MetaMask is an excellent option for beginners, with over a million users worldwide. The wallet is available as a browser (Chrome and Firefox) extension and iOS/Android app. MetaMask connects easily with most NFT marketplaces, plus it has a straightforward setup process.

Again, feel free to skip ahead to step three if you’ve set up one of the recommended wallets.

Visit the MetaMask download page and download the browser extension or mobile app to get started. Once MetaMask is installed, click/tap the Create New Wallet button. You’ll receive a prompt to set a password (ensure it’s secure and easy to remember). 

Finally, MetaMask will generate 12 random words; a “seed phrase.” I wouldn’t worry too much about its meaning — just remember it’s essential to keep it safe. You’ll need the phrase if you’re locked out of your account or need to recover your wallet on a new device.

After you back up the recovery phrase, you’ll receive a prompt to re-enter it in the same order. Then, simply accept the terms, and your wallet is up and running. Once you’ve set up your wallet, you may want to consider buying crypto. You can grab some Ethereum (ETH) — just enough to cover gas fees.

Now that you’ve set up a compatible wallet (and bought some crypto), it’s time to upload your digital file on the marketplace.

Step 3: Create Your NFT

As I mentioned earlier, there are several marketplaces where you can sell your NFT. Again, we’ll go with OpenSea for illustrative purposes, but the entire process is relatively straightforward for other marketplaces.

To get started, visit the OpenSea website and click/tap the Create button in the navigation. You’ll receive a prompt to connect your wallet using the available wallet providers.

Select the MetaMask option and approve the signature request in your wallet. Something to keep in mind: you’ll have to reconnect after 24 hours to keep your wallet safe.

Voila! The Create New Item screen. 

You’ll need to upload the digital file and fill in information about your NFT. OpenSea accepts JPG, PNG, GIF, SVG, MP4, WEBM, MP3, WAV, OGG, GLB, and GLTF formats, up to 100 MB maximum.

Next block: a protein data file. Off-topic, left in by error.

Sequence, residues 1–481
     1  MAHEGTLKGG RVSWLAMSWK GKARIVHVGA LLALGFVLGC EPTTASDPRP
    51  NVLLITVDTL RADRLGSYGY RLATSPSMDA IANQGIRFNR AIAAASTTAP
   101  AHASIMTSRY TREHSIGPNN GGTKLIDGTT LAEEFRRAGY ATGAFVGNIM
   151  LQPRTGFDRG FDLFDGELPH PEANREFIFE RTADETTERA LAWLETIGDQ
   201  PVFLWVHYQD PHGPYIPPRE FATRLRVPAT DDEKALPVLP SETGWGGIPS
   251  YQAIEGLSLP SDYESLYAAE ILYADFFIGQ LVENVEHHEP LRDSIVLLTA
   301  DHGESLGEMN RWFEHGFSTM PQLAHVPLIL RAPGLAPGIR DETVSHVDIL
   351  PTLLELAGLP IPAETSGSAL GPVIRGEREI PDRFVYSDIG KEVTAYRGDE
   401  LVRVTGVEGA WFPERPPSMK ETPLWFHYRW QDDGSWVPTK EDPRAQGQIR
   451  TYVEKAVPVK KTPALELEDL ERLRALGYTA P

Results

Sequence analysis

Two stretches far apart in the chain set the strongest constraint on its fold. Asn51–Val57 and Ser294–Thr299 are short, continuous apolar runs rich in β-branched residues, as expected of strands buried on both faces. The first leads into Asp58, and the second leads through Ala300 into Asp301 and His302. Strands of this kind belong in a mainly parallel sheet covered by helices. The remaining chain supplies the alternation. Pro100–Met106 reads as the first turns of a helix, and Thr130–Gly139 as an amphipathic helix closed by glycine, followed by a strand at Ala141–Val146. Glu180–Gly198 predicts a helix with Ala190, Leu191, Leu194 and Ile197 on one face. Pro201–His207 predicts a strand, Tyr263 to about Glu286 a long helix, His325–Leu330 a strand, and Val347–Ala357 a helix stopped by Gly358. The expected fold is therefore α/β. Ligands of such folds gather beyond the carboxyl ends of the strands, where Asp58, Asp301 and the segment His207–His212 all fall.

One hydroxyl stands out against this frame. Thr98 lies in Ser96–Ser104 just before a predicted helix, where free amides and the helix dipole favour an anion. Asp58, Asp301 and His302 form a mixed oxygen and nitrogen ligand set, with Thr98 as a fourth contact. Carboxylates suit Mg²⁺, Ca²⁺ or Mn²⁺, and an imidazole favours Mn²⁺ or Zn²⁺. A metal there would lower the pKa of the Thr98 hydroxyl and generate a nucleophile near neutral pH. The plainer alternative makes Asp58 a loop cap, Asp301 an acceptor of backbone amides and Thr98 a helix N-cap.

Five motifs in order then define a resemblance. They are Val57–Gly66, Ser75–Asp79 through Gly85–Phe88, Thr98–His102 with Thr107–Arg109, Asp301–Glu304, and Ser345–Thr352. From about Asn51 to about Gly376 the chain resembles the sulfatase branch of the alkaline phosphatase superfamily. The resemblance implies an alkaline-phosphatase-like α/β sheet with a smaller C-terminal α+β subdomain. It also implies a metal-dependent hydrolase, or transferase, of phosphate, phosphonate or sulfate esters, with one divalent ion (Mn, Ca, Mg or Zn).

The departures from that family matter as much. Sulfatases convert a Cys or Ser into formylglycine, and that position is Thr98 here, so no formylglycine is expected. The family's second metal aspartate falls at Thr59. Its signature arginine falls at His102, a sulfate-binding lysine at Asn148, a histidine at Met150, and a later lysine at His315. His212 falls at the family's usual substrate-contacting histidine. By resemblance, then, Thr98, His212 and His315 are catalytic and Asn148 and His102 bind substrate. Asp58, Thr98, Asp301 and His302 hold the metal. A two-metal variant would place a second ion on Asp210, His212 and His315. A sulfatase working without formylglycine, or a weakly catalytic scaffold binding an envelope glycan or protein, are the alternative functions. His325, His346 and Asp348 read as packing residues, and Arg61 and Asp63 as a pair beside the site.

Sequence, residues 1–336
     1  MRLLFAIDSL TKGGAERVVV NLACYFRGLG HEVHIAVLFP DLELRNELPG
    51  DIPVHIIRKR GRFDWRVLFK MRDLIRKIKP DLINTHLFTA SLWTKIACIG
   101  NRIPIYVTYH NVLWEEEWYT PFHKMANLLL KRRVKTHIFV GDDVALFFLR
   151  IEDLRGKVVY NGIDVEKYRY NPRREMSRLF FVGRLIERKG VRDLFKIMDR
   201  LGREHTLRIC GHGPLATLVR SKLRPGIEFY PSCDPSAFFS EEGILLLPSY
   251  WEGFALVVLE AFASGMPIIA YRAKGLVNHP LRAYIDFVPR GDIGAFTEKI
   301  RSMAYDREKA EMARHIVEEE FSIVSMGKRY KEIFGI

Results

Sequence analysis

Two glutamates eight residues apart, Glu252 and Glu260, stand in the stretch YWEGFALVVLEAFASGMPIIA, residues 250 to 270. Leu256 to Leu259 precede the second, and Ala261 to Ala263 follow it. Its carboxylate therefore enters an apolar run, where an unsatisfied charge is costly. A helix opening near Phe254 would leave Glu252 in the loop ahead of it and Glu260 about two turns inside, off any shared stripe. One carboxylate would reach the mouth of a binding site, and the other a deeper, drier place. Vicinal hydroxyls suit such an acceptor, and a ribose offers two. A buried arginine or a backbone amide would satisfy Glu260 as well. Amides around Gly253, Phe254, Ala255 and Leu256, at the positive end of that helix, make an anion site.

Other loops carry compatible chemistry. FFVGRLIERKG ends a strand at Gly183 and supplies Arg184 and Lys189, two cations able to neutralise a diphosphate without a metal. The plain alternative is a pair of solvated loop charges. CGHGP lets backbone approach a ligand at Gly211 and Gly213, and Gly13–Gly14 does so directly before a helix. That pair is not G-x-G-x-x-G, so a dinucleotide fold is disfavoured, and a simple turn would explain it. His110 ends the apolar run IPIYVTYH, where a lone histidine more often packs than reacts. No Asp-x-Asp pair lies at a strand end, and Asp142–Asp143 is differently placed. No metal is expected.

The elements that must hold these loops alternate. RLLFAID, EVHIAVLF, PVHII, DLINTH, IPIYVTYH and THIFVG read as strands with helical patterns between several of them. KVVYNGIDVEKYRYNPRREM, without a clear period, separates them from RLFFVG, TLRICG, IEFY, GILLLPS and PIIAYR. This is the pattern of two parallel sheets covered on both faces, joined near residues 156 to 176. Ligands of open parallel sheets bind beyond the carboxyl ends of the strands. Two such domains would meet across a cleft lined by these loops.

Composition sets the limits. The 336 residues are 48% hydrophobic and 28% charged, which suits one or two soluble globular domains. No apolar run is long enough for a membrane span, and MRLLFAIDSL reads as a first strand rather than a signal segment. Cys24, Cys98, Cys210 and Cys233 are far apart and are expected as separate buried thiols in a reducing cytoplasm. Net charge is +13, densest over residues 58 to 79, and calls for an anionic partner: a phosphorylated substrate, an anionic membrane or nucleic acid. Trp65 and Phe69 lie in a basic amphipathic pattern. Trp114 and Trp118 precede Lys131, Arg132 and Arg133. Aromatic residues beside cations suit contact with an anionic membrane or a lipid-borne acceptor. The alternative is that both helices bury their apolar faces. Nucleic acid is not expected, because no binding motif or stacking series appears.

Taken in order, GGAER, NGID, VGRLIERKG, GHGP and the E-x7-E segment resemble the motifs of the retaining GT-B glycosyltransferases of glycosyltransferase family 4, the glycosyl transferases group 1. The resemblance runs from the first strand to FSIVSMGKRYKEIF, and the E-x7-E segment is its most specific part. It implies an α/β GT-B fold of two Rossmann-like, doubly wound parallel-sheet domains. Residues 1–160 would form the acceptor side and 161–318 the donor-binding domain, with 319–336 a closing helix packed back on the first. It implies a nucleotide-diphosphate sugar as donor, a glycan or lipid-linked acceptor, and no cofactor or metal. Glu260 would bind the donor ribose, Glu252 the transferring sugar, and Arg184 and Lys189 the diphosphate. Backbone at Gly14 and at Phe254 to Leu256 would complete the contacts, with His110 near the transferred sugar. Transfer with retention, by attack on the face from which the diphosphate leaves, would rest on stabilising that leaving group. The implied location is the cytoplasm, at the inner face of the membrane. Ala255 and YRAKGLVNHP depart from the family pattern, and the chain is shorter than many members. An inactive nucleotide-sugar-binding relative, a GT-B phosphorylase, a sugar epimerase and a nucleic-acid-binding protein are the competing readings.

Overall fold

Now would be a good time to let the creative juices flow. Pick a nice name and provide a detailed description of your item. You can also add an external link so users can learn more about the NFT.

You can ignore the Properties, Levels, and Stats fields for now. They make up the NFT metadata, but you often don’t need them unless you’re selling something like in-game items or characters. 

Toggling Unlockable Content will allow you to include an access code or link that only the NFT owner can reveal. Go ahead and toggle Explicit & Sensitive Content if you plan to upload some steamy pictures on OpenSea. By doing this, you’ll mark your item as NSFW and remove it from safe search results.

Select Ethereum in the Blockchain dropdown and set your supply to 1 since you’re minting a one-of-one NFT. Note that you won’t be able to modify the blockchain once you’ve created the NFT.

You can also sell your NFT on OpenSea with the Polygon network. Of course, you can avoid paying fees outright if you do this, but there’s a catch. Collectors won’t be able to buy your NFT using the Ethereum network, and they’ll need to migrate their crypto over to Polygon. 

Bottom line: extra gas fees and stress — you decide if it’s worth it.

Review the information and click Create to continue. You’ll see a yay! popup once you’ve created your NFT.

But it doesn’t end there. You probably guessed that, right?

You’ve just created your NFT, but OpenSea hasn’t listed it — at least not yet. Close the screen, and you can get to work on selling your NFT.

Click the blue Sell button on the item’s page (you can also go to your account and select your NFT in the Created tab). You have two listing options with NFTs created on Ethereum; a fixed price listing and a timed auction (Polygon only has the first option). 

The fixed price option is self-explanatory; you set an exact price for the NFT in ETH. Also, you’ll have to specify for how long the listing will remain available. The default duration is a day, three days, or a week, but you can set a custom duration in the calendar popup.

Your item becomes available for sale immediately you list it. So, what if you already have a deal with a buyer? You can lock in the NFT for them by pasting their address into the Reserve for specific buyer field.